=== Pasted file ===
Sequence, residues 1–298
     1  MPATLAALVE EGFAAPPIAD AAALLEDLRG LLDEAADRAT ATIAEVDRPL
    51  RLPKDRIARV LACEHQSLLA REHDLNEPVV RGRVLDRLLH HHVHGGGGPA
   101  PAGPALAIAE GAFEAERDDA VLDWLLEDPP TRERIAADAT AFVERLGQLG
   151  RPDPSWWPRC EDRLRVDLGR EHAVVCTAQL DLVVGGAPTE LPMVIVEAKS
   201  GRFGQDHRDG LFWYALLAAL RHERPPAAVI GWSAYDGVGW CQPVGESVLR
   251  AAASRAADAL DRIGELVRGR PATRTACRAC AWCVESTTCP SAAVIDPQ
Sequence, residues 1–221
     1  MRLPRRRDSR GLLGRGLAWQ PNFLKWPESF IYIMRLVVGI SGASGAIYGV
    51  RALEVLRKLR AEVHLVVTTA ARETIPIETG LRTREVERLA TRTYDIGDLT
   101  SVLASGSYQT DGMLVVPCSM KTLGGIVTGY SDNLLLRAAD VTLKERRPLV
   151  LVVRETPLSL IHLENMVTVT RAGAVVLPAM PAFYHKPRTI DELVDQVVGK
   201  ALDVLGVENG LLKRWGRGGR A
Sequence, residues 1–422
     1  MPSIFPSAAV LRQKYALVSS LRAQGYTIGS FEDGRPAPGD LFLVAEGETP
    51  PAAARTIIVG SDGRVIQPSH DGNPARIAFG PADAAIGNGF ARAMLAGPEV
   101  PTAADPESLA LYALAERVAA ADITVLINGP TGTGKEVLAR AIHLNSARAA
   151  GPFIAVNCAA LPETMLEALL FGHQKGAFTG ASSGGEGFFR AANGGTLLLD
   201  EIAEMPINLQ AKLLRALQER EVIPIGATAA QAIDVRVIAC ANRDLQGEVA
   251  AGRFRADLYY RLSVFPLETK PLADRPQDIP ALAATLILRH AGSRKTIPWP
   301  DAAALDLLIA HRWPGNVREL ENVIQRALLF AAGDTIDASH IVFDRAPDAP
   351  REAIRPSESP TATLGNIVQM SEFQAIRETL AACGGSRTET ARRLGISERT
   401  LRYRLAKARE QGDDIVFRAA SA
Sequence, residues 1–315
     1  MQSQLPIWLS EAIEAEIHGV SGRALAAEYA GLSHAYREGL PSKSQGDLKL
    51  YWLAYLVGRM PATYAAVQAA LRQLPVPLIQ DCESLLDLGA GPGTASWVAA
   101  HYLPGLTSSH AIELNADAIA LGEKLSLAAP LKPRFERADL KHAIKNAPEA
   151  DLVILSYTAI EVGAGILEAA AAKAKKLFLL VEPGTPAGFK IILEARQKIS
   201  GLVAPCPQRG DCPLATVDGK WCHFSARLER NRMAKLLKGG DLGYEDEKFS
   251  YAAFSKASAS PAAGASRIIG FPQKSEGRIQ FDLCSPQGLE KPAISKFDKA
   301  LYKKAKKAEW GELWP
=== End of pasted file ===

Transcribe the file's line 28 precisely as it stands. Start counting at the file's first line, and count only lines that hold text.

   151  DLVILSYTAI EVGAGILEAA AAKAKKLFLL VEPGTPAGFK IILEARQKIS